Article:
Waukesha-Walworth Communities' Water Wars Provoke Legal Action
Several citizens and lake associations in Walworth and Waukesha Counties, frustrated with what they call insufficient regulation by the Wisconsin Department of Natural Resources, have filed a legal document seeking more controls on approvals for new, large wells.
The plaintiffs fear their waters and nearby wetlands are threatened by new, so-called "high-capacity"wells drilled by thirsty and fast-growing neighboring communities.
The DNR has said it is operating within the law; the complainants want more aggressive planning for and oversight of wells based on the state's historic Public Trust Doctrine.
That is the state's constitutional protection of Wisconsin waters in the public interest, and, coincidentally, it is the public trust doctrine that has been raised by some pro-development opponents of the pending Great Lakes Compact to justify their opposition to the eight-state, cooperative agreement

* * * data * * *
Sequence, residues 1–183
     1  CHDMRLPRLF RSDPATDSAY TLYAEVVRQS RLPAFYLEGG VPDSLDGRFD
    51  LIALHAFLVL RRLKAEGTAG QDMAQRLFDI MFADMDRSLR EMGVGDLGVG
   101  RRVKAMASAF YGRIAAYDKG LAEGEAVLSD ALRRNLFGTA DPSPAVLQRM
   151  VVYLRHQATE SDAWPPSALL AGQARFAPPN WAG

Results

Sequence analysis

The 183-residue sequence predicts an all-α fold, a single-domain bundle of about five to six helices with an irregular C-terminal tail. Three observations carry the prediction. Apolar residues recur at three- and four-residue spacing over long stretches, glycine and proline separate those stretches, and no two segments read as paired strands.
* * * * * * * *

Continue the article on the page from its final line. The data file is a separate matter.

The outcome of the Waukesha-Walworth communities' action could strongly influence development and land-use patterns in southeastern Wisconsin, including where water-based growth and wealth is created, and where water shortages could occur.
It could also lead to court action mandating that the DNR use the public trust doctrine to implement more aggressive regulation of Wisconsin waters - - in the public interest - - and that, in turn, could influence whether Wisconsin would or could support diversion of Great Lakes waters to areas of the state currently forbidden from receiving them.
In December, 2006, Wisconsin Attorney General Peg Lautenschlager issued an opinion that said the DNR did not have the authority to approve a diversion of Great Lakes water to New Berlin or Waukesha without the approval of all eight Great Lakes states' governors.
Lautenschlager now works for the Madison law firm of Lawton & Cates, which has filed the legal papers that call for stronger DNR oversight of high-capacity wells.
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